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The fault lines in whether populism is seen as a good or bad thing are quite revealing as well. Populist supporters are much more likely to feel they have fallen behind and that their economic future will be even worse. The economics of despair may be the initiating factor for this new movement, but its expressions now link to a more closed and ‘ordered’ outlook on the world. It also appears that populism is now viewed much more favourably within the Conservative camp, where economic outlook – both looking backward and forward – has changed dramatically in the last few years. Under Mr. Harper, Conservatives were relatively optimistic and felt that they were moving ahead; now, they appear to have morphed into a far more economically pessimistic constituency with near universal disdain for direction of country and its government. It is this economic malaise that is one of the critical ingredients of populism. Despite these tendencies, there is surprisingly receptivity to populism in the other, more comfortable portions of Canadian society as well.

It is also the case that those attracted to populism are more likely to be male, and it also finds greater favour in Alberta. Quite strikingly, positive attitudes to populism are stronger among new Canadians and, by corollary, weaker among traditional, ‘born in Canada’ citizens. If Trump populism is rooted in the white working class, that explicitly does not appear to be the case in Canada.

Nevertheless, this brand of populism is still relatively new in Canada and it does appear that our ‘Northern’ version of populism is quite distinct from the versions that we have seen in United States or in the United Kingdom. Northern populism does not include the same allergy to globalization and trade. In fact, at 81 per cent, support for NAFTA remains very high. Notably, support for trade liberalisation is considerably lower among those attracted to populism. It is unclear how ‘Northern’ populism is related to issues such as race and immigration, but populist supporters are more likely to think favourably of Trump (even though the majority do not approve of him) and they are also much more likely to favour smaller governments. These themes will be developed in our next release.

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Lastly, we asked Canadians whether they believe that populism is a growing force within Canada. For the populism deniers out there (this is just so not Canada), please note that only one in five Canadians agree that populism is not a growing force in Canada.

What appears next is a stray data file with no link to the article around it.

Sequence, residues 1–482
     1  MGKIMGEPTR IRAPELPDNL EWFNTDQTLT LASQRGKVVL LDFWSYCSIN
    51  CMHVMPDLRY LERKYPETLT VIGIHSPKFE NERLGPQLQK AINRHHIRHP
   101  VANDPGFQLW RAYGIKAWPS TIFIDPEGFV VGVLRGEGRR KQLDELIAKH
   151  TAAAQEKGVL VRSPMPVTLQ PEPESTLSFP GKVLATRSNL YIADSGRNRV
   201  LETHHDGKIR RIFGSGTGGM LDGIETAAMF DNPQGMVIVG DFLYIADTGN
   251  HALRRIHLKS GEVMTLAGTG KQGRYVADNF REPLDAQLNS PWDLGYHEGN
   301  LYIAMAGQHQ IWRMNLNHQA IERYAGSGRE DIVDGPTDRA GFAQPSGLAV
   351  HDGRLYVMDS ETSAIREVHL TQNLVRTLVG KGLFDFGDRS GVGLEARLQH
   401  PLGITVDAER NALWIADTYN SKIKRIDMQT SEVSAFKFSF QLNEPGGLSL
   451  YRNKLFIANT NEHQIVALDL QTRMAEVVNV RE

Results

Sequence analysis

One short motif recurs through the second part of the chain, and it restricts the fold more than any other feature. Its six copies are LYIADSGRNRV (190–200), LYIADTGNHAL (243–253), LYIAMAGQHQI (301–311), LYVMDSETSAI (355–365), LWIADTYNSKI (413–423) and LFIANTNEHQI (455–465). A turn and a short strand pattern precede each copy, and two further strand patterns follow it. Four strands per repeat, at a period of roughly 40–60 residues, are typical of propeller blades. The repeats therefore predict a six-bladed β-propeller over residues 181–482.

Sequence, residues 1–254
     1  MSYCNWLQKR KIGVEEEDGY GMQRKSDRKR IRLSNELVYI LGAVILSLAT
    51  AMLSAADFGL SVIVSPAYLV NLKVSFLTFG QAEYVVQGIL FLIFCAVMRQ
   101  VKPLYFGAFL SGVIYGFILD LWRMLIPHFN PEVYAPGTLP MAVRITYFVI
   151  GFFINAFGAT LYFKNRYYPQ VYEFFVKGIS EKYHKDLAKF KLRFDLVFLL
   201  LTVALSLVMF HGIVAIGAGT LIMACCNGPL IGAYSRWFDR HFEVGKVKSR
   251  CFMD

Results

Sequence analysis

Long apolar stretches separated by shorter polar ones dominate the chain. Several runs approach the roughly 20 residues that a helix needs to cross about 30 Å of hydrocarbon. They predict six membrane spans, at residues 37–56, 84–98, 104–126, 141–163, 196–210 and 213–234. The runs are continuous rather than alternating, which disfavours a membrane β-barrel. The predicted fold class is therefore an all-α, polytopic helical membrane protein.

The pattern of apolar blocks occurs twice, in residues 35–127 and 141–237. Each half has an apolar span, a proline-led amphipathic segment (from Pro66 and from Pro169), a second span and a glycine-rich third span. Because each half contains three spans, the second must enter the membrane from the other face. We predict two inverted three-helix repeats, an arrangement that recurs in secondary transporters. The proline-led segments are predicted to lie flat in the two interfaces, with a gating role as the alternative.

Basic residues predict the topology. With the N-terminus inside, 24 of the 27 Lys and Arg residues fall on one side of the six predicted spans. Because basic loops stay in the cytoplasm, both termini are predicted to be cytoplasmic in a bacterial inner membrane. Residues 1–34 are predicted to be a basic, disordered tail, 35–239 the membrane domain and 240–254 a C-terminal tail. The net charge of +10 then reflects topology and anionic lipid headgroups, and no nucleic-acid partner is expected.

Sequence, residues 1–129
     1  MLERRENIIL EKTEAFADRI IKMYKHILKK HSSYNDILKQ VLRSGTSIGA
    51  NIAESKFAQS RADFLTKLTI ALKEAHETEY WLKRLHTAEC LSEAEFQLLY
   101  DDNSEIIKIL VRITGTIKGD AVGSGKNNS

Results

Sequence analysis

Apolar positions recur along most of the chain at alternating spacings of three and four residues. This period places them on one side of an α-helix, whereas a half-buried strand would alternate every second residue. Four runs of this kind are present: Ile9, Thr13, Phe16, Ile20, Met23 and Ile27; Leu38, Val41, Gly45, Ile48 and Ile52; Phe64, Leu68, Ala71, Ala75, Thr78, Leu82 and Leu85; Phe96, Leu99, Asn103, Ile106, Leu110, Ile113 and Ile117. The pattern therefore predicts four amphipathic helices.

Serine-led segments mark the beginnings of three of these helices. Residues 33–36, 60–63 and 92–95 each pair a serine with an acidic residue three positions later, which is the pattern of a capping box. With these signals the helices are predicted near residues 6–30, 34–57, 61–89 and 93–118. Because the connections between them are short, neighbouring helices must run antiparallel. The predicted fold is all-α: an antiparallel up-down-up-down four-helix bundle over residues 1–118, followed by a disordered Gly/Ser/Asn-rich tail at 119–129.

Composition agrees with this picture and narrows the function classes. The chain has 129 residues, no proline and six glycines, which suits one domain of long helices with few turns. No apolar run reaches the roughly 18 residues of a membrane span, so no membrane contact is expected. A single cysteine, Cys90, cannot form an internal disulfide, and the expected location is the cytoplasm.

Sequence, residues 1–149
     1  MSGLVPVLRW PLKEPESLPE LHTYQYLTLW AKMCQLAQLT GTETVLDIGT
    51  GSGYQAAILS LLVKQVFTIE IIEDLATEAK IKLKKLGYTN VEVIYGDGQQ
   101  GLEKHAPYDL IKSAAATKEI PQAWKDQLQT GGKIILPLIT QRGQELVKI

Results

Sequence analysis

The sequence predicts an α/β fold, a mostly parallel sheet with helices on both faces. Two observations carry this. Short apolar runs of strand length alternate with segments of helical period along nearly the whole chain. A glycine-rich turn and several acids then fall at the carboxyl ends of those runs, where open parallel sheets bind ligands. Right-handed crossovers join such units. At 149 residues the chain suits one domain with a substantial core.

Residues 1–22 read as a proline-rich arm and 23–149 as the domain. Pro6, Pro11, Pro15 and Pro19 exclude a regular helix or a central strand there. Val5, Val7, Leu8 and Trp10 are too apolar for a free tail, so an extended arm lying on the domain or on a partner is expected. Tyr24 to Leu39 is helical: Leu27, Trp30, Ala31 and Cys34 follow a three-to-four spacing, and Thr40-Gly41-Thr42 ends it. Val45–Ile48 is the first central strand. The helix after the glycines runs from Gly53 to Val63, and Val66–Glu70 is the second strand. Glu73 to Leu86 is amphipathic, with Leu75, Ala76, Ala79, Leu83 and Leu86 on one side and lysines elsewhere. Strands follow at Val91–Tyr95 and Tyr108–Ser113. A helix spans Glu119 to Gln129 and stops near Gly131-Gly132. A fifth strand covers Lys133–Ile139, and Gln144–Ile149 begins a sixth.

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So, overall, we see quite a different political landscape where continued economic stagnation and decline are fuelling a uniquely Canadian expression of populism that is less ‘white’ and less closed than the expressions in Europe and the United States. It is more rooted in a new class conflict across the diminished middle class and the burgeoning working class. Nietzsche noted that resentment was the fuel of modern civilisation. This may have been a prescient insight into the 21st century.

Methodology:

This survey was conducted using High Definition Interactive Voice Response (HD-IVR™) technology, which allows respondents to enter their preferences by punching the keypad on their phone, rather than telling them to an operator. In an effort to reduce the coverage bias of landline only RDD, we created a dual landline/cell phone RDD sampling frame for this research. As a result, we are able to reach those with a landline and cell phone, as well as cell phone only households and landline only households.

The field dates for this survey are June 1-19, 2016. In total, a random sample of 5,658 Canadian adults aged 18 and over responded to the survey. The margin of error associated with the total sample is +/- 1.3 percentage points, 19 times out of 20.

Please note that the margin of error increases when the results are sub-divided (i.e., error margins for sub-groups such as region, sex, age, education). All the data have been statistically weighted by age, gender, region, and educational attainment to ensure the sample’s composition reflects that of the actual population of Canada according to Census data.